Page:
(***)  Videos are starting to look a lot more like Maxim photo spreads, which is putting my horny, heterosexual ass in a bind. I want to be an objective critic, though I recognize that term is an inherent oxymoron. No, I want to judge on artistic merit, but let’s face it, you have to cut the music video medium some slack when it comes to eye candy.
     Eye candy is what it’s all about, something that will distract you from the limitations of your physical world and elevate you into something awe-inspiring and magical. Like a surreal cloudscape or a pair of beautifully pert breasts. Unless the song itself is hideous, which disqualifies most of the Britney/Christina/Jessica/Mandy output, I’m tempted to give a thumbs-up to any video that features an absolutely gorgeous girl dancing and posing in a sensual fashion. When the artist’s appeal and energy seem genuine and the video’s visuals actually impress me, it’s icing on the cake.
     “Whenever, Wherever” has Shakira -- a wannabe Latin diva who sounds like an unholy cross between Celine Dion and Nelly Furtado and looks like a hotass centerfold -- lip synching from a dozen or more settings. Some of them, from Shakira dancing in the midst of a horse stampede to Shakira standing atop a very narrow mountain, work. Others look too blue-screen or stock-New Age. Overall, though, it’s a strong video and worth watching once or twice. If just for the full-on Maxim sex angle that keeps me in my horny, heterosexual ass in that aforementioned quandary. --AH

Britney Spears -- I’m a Slave 4 U
     (**)  Okay, what I wrote about Shakira goes double for this Britney Spears video. If you haven’t seen or spanked it to “I’m a Slave 4 U,” you’ve surely at least heard one religious leader condemn the fact that Britney wears a pair of skimpy-ass underwear on the outside of her clothing. The Book of Ephesians clearly states that “neither fornicators nor harlots nor wearers of skimpy-ass underwear on the outside of their clothing will see the kingdom of heaven,” yet Britney’s taken the plunge.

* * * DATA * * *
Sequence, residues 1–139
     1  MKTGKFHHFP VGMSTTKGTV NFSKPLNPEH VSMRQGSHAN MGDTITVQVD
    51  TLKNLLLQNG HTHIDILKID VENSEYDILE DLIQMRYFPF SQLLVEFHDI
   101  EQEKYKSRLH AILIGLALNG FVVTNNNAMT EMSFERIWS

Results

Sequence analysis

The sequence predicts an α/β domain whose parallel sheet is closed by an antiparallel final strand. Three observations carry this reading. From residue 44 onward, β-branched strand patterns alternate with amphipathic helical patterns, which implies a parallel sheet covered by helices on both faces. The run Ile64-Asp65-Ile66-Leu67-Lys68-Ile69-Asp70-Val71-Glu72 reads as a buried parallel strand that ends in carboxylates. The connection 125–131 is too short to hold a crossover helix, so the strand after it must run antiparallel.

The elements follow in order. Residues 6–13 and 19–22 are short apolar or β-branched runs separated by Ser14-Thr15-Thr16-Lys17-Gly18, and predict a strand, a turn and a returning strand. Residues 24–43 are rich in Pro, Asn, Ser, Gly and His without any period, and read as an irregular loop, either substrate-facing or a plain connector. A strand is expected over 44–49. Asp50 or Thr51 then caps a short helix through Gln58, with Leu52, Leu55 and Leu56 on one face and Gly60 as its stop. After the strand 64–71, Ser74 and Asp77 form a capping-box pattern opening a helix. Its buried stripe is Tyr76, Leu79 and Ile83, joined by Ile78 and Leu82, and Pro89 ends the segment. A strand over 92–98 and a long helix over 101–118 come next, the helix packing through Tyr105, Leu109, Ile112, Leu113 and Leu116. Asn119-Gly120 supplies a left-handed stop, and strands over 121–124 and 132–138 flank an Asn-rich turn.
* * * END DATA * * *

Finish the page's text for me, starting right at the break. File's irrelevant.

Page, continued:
And somehow she’s made her initial image in the “Baby... One More Time” video seem downright quaint and conservative, even though my male friends and I were drooling over it between bong hits just two and a half years ago. There wasn’t enough weed in the world to have us picturing this girl with her undies outside her general clothing. I mean, it’s like Ephesians says. Fornicators and harlots.
     So our favorite teenage fornicating harlot (at least, she’s been our favorite since Christina slathered on the makeup and hair for the house-of-horrors “Lady Marmalade” video) creeps into a laid-back bungalow party populated with stone-faced Calvin Klein-ad types. She brings them to life, Britney does, and they fall in love with the form of choreographed dance for the first time. So it’s a happy ending for everyone, and it’s actually a better Britney video than average. The direction, from Francis Lawrence, is a little more restrained and erotic than your standard TRL fare.
     “I’m a Slave 4 U,” the song itself, is one of Britney’s best. For once, she’s not milking the same transparent production techniques -- “Slave” sounds more like stoner hip-hop than anything I ever thought I’d hear from Spears. Was it produced by The Neptunes or something? I’ve really got to start doing my homework one of these days, like... uhhh, next week. In the meantime, all I have to say is, God, what a great time it must be to be a fourteen-year-old male vegging out to MTV in this country. The best we had in our day was Chilli from TLC and the Ace of Base chicks. --AH

Usher -- You Got It Bad
Usher & Chilli